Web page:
Germany sets timeline for all nuclear plant shutdowns: puts pressure on PV to cut costs



A dramatic u-turn by German Chancellor Angela Merkel has been officially proclaimed with the announcement that all nuclear plants in the country will be shut down permanently by 2021. Initially, eight of Germany’s oldest nuclear plants will shut down immediately and the remaining plants will be phased out over the next 10 years. However, three plants could remain operational until 2022 to allow for the possibility of delays occurring in the addition of new energy sources – mainly renewables – as a replacement.

Plants remaining operational through 2022 would remain liable to the nuclear tax introduced last year by the Coalition government. According to investment bank Jeffries International, the cost of this tax to nuclear power plant operators is estimated to be €1.3 billion per annum.

Renewed public hostility to nuclear energy after the Fukushima disaster in March 2011 and Christian Democratic Union party losses in regional elections have seen the Chancellor backtrack over previous plans to extend the operating lives of nuclear plants into the 2030s.

“Our energy system has to be fundamentally changed and can be fundamentally changed,” commented Chancellor Angela Merkel to reporters on Monday. “We want the electricity of the future to be safer and, at the same time, reliable and economical.”

However, the PV industry in Germany has come under increasing pressure to accept continued cuts to the EEG feed-in tariff, which is currently in another review period.

Industry trade associations have criticised rumoured plans to change FiT rules that were just introduced at the beginning of 2011. These rules are based on PV installations completed between March and May, which are designed to cut the FiT on high levels of installations.

Rumoured new proposals would replace the current new system for even higher reductions in the FiT.

However, the Federal Network Agency’s preliminary figures for PV installations for February this year marked a significant drop-off in demand due to the cuts already made in the FiT. Installations only reached 100.85MWp, compared to 266MWp in January – and well below the 163.2MWp installed in the same month a year ago.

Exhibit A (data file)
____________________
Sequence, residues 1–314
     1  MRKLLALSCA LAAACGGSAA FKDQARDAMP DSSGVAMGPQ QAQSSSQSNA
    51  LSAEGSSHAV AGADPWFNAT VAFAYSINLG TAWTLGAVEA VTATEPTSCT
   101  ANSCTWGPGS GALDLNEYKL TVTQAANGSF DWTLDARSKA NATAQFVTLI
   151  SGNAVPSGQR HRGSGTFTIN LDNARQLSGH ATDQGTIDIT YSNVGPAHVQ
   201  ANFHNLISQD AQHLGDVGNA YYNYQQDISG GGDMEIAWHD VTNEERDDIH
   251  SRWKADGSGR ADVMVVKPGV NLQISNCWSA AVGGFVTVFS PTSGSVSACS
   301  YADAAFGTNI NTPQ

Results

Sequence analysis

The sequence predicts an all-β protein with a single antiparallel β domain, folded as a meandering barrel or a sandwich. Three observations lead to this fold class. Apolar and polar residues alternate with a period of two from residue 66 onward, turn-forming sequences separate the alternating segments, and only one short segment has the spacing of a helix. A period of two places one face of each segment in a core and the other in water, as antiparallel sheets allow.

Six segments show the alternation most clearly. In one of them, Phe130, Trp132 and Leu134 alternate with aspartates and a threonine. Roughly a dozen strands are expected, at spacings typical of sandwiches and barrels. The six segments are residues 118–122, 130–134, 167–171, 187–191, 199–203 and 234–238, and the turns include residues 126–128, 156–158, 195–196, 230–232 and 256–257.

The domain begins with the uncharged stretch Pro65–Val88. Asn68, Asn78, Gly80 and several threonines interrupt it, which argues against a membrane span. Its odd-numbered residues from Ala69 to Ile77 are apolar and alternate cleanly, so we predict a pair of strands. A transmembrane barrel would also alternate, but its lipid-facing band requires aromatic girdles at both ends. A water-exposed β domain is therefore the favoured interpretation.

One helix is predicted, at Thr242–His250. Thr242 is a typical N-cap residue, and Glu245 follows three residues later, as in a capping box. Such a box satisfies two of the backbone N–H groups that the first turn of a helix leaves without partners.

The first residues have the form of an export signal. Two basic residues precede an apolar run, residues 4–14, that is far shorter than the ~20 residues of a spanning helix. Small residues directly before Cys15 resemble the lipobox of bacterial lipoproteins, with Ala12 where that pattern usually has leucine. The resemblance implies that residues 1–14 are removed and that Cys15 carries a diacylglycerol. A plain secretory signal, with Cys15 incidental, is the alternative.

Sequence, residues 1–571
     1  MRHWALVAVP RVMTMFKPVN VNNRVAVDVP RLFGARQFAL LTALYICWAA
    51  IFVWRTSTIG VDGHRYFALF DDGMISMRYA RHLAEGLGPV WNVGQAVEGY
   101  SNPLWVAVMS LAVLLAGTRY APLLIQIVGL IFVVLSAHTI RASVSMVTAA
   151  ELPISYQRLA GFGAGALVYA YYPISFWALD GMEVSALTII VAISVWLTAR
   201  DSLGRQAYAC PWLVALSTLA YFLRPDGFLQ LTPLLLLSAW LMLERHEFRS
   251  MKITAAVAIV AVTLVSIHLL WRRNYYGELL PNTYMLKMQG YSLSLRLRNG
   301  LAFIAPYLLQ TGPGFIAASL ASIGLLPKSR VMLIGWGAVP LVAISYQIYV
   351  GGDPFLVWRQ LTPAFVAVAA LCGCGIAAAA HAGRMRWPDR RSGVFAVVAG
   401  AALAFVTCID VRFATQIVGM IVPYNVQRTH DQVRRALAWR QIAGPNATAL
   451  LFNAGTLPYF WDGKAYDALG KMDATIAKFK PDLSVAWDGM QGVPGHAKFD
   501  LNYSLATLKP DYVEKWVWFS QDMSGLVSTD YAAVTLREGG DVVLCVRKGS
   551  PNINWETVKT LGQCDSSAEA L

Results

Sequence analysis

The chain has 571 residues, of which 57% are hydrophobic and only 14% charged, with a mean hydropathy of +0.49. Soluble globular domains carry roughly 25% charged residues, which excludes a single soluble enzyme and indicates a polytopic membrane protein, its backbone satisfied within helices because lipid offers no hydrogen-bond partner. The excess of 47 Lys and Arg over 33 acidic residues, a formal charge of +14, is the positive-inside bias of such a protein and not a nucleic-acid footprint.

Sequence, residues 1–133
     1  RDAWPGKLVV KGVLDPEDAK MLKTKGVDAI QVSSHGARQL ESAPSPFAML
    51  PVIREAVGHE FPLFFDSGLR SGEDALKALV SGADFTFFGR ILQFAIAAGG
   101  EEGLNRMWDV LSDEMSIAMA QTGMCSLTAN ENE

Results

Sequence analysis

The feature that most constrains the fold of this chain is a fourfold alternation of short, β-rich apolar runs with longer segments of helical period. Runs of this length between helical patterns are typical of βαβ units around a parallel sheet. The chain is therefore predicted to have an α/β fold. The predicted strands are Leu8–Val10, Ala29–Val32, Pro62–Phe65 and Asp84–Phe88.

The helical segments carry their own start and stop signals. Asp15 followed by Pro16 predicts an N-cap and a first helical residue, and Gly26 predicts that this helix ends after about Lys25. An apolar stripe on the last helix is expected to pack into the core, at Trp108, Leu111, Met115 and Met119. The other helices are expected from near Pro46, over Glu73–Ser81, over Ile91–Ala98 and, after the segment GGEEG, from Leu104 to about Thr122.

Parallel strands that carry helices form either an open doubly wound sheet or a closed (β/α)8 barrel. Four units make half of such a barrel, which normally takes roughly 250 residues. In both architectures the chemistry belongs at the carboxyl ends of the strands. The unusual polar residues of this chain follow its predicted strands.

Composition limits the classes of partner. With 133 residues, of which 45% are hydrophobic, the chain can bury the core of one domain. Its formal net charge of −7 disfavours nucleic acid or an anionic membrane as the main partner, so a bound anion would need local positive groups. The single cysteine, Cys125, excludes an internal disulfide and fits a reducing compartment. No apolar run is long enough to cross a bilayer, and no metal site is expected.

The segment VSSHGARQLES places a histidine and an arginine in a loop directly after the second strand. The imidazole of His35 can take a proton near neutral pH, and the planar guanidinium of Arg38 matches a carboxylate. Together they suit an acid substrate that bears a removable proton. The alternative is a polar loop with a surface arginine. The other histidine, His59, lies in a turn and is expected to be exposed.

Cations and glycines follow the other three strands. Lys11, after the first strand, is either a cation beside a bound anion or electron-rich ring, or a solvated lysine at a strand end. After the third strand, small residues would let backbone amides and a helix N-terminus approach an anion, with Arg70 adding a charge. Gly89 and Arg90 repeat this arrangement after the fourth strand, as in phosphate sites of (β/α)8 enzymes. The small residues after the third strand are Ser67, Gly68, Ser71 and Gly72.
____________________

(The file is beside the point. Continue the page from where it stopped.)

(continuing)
Industry trade associations have claimed that there has been too little time to allow the latest FiT mechanisms to work, neither has there been sufficient time to determine whether ot not these mechanisms should be changed again.

Despite the weak number of installations reported in official figures for the first two months of the year, recent quarterly results from a wide number of key PV suppliers have consistently highlighted the weak demand environment in Germany. Furthermore, it was as late as the start of May when demand was finally seen to pick up, suggesting the FiT cuts implemented have indeed impacted installations.

Jeffries International said in an investor note that German utilities have always lobbied against solar. The shutdown of nuclear plants, coupled to recent low baseload electricity prices as solar can generate significant levels of electricity for peak usage times, is adding increased pressure on the government to make further drastic cuts to PV subsidies.

The investment bank expects a flexible feed-in tariff will continue after some revisions, and will include a goal of installations of 3.5GW per annum, which would remain in line with targets already in place through 2020.

However, the complete shutdown of nuclear plants will add further pressure on the PV industry to reduce costs to offset claimed price hikes of electricity over the next decade and beyond.

The goal of the German Federal Government is to support wind energy installations of as much as 25GW by 2030, which supports utility-based energy generation, compared to PV, which has been primarily residential rooftop-based and thus decentralized.

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